Flagler County Health officials are urging residents not to eat raw shellfish from local waters and to use extra caution at area beaches to avoid contracting a bacteria that killed a Palm Coast man.
Henry Konietzky, 59, was fishing for crabs in the Halifax River Sept. 21 when he contracted Vibrio vulnificus, a bacteria that lives in warm seawater. He died Sept. 23.
“Vibrio is a bacteria that can be in brackish types of seawater during the warm times of the year,” Flagler County Health Director Patrick Johnson said. “It might get in an oyster, and if a person eats it raw, they can get sick off it. The other way it is contracted is through a wound or a lesion, usually from standing in brackish water.”
There were 26 reported cases of Vibrio vulnificus in Florida last year, Johnson said, a number that is fairly standard. Two of the cases were in Volusia County. There have also been nine deaths.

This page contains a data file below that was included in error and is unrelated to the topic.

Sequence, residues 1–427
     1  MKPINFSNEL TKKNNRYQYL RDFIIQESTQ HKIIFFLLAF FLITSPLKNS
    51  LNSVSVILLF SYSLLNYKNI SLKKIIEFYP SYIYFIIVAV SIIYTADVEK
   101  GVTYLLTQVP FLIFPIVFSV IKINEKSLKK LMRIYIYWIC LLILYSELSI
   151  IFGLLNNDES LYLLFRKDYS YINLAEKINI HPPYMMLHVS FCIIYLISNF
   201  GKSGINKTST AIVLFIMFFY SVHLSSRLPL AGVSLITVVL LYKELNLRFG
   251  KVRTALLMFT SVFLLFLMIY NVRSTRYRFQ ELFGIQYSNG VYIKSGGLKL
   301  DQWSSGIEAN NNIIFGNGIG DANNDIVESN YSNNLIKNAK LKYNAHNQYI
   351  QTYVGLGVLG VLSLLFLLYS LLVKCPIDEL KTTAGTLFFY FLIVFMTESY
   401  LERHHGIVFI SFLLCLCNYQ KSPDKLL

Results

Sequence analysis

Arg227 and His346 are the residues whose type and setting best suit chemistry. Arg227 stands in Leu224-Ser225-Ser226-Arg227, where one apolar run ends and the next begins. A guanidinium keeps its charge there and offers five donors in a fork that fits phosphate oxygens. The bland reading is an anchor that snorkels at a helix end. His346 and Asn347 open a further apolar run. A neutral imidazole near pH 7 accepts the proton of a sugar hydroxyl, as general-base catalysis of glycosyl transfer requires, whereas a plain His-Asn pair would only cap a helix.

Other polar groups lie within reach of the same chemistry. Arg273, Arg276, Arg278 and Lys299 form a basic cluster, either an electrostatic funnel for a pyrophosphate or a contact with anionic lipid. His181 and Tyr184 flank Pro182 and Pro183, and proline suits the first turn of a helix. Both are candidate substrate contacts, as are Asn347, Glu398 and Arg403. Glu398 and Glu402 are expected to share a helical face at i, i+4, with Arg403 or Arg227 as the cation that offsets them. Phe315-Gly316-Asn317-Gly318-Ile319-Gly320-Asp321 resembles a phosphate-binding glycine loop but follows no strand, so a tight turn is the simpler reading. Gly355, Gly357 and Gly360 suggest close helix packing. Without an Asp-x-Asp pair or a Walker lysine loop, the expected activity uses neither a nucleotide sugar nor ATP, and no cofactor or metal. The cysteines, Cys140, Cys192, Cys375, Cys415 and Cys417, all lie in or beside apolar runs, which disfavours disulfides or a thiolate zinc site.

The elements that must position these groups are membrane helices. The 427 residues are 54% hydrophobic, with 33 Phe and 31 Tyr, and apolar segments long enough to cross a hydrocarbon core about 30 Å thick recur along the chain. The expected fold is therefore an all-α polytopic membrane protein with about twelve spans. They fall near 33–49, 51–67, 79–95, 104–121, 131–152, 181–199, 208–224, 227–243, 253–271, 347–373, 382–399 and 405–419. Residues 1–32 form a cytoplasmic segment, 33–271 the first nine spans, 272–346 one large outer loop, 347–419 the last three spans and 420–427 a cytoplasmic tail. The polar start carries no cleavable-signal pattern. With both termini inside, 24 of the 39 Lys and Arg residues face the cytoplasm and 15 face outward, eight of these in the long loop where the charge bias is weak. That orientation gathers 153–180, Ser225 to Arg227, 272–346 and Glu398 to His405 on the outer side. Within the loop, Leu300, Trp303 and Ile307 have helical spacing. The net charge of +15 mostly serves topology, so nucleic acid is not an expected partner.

The Vibrio vulnificus bacteria is in the same family as the one that causes cholera. It poisons the blood, attacks the liver and is deadliest for people with weakened immune systems, Johnson said. Symptoms include fever, chills, blistering skin lesions, vomiting, diarrhea and abdominal pain.
Health department officials have urged people to avoid exposing wounds or broken skin to seawater or brackish water or to raw shellfish harvested from those waters. They have also urged people not to eat any raw shellfish and to wear gloves when handling raw shellfish.
Boiled shellfish should be cooked for at least five minutes after the shells open, according to a health department news release, and steamed shellfish should be steamed for an additional nine minutes after the shells open. Shucked oysters should be boiled for at least three minutes or fried in oil for at least 10 minutes at 375 F.
Johnson asked people to take extra care around the water. “Don’t eat raw oysters or raw shellfish — make sure you cook them — and in water like that, make sure you don’t have lesions that are exposed,” he said.